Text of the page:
swigIntroduction to Typemaps


Introduction

Typemaps are the very heart of what SWIG does. When you want to pass data between languages the behaviours for doing so depend upon the type that SWIG sees. The power of typemaps is that the chunks of code are applied many times.

SWIG itself includes many useful typemaps in the core library it is supplied with, e.g. for primitive types, C++ standard library containers, boost etc. so often you won't even need to write any typemaps to expose your code, however that list is by no means complete.

Syntax

  • %typemap(NAME) TYPENAME %{ CODE %}
  • %typemap(NAME,OPTION=VALUE) TYPENAME %{ CODE %}
  • %typemap(NAME) TYPENAME VARIABLENAME %{ CODE %}
  • %typemap(NAME) TYPENAME (LOCALVARTYPE LOCALVARNAME) %{ CODE %}

Parameters

ParameterDetails
NAMEThe name of the typemap defines its role in generating a module. in and out are common and used for input (to C++ or C function calls from Python/Java etc.) and output (i.e. return values from C or C++ to Pyton/Java)
TYPENAMEEach typemap gets applied to one or more matching types. These need to be listed here. Type qualifiers (e.g. const) matters.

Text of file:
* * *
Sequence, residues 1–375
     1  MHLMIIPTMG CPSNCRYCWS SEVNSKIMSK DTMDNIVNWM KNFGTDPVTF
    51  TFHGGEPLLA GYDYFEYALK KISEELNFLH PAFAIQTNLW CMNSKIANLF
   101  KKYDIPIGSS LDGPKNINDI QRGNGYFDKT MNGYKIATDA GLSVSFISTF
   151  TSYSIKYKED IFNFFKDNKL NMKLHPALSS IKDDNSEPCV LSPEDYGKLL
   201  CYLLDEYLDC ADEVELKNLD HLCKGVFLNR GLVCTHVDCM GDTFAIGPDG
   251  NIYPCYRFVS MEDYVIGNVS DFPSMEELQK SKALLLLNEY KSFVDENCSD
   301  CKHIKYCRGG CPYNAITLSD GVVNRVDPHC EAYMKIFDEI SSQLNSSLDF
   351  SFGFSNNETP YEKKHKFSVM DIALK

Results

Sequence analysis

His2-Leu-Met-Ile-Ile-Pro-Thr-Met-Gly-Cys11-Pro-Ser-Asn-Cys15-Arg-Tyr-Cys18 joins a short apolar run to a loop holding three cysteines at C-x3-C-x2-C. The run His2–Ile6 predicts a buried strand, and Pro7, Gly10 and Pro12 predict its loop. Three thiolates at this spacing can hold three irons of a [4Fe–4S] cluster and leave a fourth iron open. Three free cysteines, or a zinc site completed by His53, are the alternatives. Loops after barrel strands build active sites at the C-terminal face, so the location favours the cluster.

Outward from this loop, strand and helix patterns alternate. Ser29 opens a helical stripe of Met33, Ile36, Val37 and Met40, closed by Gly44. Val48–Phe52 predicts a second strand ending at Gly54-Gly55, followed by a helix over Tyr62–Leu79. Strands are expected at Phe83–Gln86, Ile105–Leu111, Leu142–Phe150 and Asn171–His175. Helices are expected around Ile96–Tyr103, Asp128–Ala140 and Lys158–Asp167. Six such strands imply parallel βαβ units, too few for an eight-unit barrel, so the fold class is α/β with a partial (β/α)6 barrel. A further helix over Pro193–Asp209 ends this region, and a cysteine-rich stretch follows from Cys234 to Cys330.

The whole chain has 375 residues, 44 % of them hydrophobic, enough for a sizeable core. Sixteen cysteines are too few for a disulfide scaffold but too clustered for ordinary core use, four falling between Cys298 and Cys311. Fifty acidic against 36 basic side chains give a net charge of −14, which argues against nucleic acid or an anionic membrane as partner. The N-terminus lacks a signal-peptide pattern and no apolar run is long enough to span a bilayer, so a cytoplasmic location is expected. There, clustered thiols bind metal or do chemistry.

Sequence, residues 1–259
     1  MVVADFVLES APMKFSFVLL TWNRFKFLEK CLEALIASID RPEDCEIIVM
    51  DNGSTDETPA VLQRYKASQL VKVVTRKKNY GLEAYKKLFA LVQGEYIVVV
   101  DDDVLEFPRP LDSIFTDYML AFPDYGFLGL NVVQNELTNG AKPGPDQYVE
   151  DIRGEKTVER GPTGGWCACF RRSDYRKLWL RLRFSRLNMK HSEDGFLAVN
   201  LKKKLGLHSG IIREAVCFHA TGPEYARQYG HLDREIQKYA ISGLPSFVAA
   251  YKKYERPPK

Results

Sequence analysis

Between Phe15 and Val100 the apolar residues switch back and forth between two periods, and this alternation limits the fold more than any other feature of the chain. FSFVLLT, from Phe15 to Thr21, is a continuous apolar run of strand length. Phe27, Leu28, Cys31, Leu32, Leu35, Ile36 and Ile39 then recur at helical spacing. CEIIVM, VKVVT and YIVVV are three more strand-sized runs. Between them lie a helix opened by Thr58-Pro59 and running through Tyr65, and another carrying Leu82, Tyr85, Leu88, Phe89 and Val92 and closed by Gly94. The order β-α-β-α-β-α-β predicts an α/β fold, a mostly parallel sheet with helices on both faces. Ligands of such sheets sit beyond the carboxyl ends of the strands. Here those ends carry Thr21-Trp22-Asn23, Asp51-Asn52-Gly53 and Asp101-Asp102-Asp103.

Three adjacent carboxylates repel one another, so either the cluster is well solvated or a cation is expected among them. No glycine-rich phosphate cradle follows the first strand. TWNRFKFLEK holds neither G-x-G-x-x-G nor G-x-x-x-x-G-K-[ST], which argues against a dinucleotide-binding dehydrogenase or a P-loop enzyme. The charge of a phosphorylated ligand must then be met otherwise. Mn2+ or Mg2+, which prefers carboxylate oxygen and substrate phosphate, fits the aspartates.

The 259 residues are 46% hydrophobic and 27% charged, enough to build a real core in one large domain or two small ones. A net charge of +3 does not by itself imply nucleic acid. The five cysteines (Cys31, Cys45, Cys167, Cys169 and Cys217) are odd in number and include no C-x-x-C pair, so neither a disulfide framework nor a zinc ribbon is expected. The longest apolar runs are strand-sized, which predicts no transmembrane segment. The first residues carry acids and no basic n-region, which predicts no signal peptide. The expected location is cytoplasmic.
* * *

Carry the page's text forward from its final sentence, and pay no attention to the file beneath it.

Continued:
CODEEvery typemap needs to convert between the C or C++ type and the corresponding type in the wrapped language. You will need to write code to do that in your custom typemaps, typically making use of special variables that get substituted in. E.g. $input inside an in typemap represents the value from Python/Java, $result in an out typemap is the thing being returned to Python/Java. $1 in both in/out typemaps represents the C or C++ variable of the type used to match the typemap. So for in typemaps you would assign to $1 and for out you would read from it. (See multi-argument typemaps for more details on why it is a number)
VARIABLENAMETypemaps are matched from most specific to least specific in general. You can define a typemap that will only match function arguments with specific names by using this optional form. (See typemap matching for more details)
(LOCALVARTYPE LOCALVARNAME)Sometimes, particuarly for in typemaps it's useful to be able to declare extra local variables to hold objects around a call. This optional syntax allows us do do that. By using this syntax instead of writing it in CODE the scope is altered, but more importantly the variable can be automatically renamed by SWIG to avoid clashes if a function has two arguments using the same typemap.
OPTION=VALUEThe behaviour of some typemaps can be influenced by setting extra options using this syntax. For example a in typemap can be made to take no input from the target language by setting numinputs=0, in which case the typemap is expected to fill the input implicitly. (A common case for this might be to set something to NULL, or fill it from a global value)